Mary Barton: A Tale of Manchester
, the 1848 debut novel of Elizabeth Gaskell tells of the Victorian working class in Manchester, a city in England, from 1839 to 1842. It focuses on political and domestic issues. The title character serves as the first person narrative voice. There are differing views as to whether or not the narrator is the alter ego of the author. Gaskell instills social class and time period realism
by using working class dialect and colloquial speech and also with literary references. A good portion of the novel is devoted to comparisons between classes on the opposite ends of the economic spectrum.
The story opens with two families meeting just outside of Manchester in a field. One family consists of Jane and George Wilson and their babies who are twins along with seventeen-year-old son Jem. The other is John Barton, his pregnant wife Mary, and their thirteen-year-old daughter whose name is also Mary. Jane and Mary sit visiting with each other while their husbands take a walk. The men discuss Esther, Mary’s sister, who ran off a few nights earlier. John believes Esther has gained too high a level of independence because of the money she is making as a factory worker. Jem, meanwhile, is slapped by young Mary when he kisses her. The group moves on to the Barton’s’ home for tea. Mary is sent by her mother to get some things they need and to extend an invitation to George’s sister Alice who is working as a sick-nurse.
After three years pass, Mary is working as an apprentice to a dressmaker and John is involved with the Trades Union. When another year passes, and Mary is seventeen, Alice introduces her to a seamstress named Margaret Jennings who lives with her grandfather Job Legh and they become close friends. Margaret is slowly losing her eyesight making it increasingly difficult for her to sew, but might be able to sing to support herself. Harry Carson, who comes from the wealthy family that owns the mill at which George Wilson works, takes an interest in Mary. Jem is in love with Mary but the feelings are not reciprocated and she has as little contact with him as possible.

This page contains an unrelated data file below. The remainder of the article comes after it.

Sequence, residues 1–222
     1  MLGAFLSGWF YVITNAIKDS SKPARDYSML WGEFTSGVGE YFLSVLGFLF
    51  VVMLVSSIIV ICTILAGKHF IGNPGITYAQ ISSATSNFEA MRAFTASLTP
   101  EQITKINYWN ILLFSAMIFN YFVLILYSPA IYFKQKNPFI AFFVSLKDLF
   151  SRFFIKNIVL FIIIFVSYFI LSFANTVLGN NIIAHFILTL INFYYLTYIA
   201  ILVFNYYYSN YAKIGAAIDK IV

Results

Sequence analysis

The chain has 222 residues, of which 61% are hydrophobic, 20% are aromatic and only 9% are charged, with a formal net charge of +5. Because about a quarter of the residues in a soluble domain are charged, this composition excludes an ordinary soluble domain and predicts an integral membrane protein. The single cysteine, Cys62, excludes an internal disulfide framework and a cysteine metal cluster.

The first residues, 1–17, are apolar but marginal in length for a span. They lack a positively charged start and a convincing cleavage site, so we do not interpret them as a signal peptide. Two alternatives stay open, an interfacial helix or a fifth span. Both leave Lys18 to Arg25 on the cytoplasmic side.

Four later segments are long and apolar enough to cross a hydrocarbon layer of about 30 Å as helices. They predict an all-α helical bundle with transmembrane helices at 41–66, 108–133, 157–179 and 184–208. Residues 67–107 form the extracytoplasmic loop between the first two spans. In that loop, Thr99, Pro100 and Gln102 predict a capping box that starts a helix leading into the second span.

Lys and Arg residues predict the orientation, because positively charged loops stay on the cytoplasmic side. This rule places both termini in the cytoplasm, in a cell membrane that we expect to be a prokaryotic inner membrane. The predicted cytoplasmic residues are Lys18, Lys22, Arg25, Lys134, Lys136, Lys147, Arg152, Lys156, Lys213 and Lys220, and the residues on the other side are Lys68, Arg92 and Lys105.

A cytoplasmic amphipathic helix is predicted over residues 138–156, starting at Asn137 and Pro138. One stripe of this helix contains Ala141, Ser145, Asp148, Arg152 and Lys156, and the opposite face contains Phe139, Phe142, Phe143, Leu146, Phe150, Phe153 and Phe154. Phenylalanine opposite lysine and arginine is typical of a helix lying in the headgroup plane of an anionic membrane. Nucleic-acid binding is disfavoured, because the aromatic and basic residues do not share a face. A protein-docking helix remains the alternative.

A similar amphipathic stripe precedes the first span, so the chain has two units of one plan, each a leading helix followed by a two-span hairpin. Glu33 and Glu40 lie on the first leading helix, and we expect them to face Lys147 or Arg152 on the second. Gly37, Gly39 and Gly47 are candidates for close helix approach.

George finds himself out of work when the Carson mill burns down. The sole means of support for the family is the money Jem earns as a mechanic. Adding to the hard times of the Wilson family is the death of the twin boys from an illness. When Mary arrives to offer her condolences, Jem professes his love for her. She is put off by this, more by his timing than the fact that she does not share his affection. She dreams of marrying Harry Carson and elevating her status in society as well as being able to help her struggling father, who has money problems. Mary soon realizes that although she turned down Jem’s marriage proposal, she is actually in love with him. She decides to avoid Harry and eventually reveal her newly discovered feelings to Jem.
Esther, who is now a prostitute, returns to tell John that he must be mindful of letting Mary turn out like she has. He pays her no heed and Esther is arrested for vagrancy. When she is released from prison a month later she takes her warning to Jem asking that he protect Mary. He agrees and finds Harry. A fight ensues between the men, with a police officer watching. Shortly thereafter, Harry is found shot to death, and Jem is arrested as his gun was found at the scene. Esther looks into the situation and finds that the material used as wadding in the ammunition is a paper that has Mary’s name on it. When Esther finds Mary she warns her to save her loved one. Mary comes to the realization that Jem did not kill Harry, but that her father is the actual murderer. Mary struggles with deciding how to save Jem while still protecting her father.
Mary goes to Liverpool in an attempt to find an alibi for Jem. She is seeking Jem’s cousin Will Wilson who is a sailor and was with Jem on the night the murder took place. The ship Will is on is already at sea when she arrives, so Mary follows in a small boat. Will tells her that he will return in the pilot ship the next day and testify at the scheduled trial. Jem becomes aware that Mary is in love with him as the trial progresses. Will gives his testimony which results in Jem being declared not guilty. Upon returning to Manchester, Mary finds her father suffering from guilt. He confesses to Harry’s father that he is the killer and dies right after that. Esther dies a short time later.
Feeling that he cannot overcome the damage his reputation has received, Jem decides to leave England. At the end of the book, Mary and Jem are married and living in Canada with a child and Mrs. Wilson. In an added piece of good fortune, Mary learns that her friend Margaret has regained her sight and is marrying Will.